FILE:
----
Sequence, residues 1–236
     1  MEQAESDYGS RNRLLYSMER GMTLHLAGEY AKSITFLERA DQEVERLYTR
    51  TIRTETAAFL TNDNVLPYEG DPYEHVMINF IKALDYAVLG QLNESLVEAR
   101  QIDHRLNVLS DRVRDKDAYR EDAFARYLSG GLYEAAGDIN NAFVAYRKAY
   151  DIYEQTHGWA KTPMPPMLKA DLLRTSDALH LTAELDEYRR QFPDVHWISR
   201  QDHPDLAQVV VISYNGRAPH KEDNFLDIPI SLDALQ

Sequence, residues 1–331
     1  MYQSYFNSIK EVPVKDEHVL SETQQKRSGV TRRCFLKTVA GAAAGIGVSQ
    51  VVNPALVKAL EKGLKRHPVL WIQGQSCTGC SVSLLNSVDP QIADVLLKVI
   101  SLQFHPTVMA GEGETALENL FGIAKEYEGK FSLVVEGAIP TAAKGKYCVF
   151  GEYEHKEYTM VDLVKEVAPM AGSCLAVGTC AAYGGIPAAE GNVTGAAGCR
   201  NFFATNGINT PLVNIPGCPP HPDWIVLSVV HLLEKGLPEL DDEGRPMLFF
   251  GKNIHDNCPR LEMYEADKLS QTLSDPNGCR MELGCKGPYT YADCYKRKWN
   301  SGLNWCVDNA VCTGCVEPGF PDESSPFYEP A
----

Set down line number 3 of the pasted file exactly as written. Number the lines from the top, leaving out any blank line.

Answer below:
    51  TIRTETAAFL TNDNVLPYEG DPYEHVMINF IKALDYAVLG QLNESLVEAR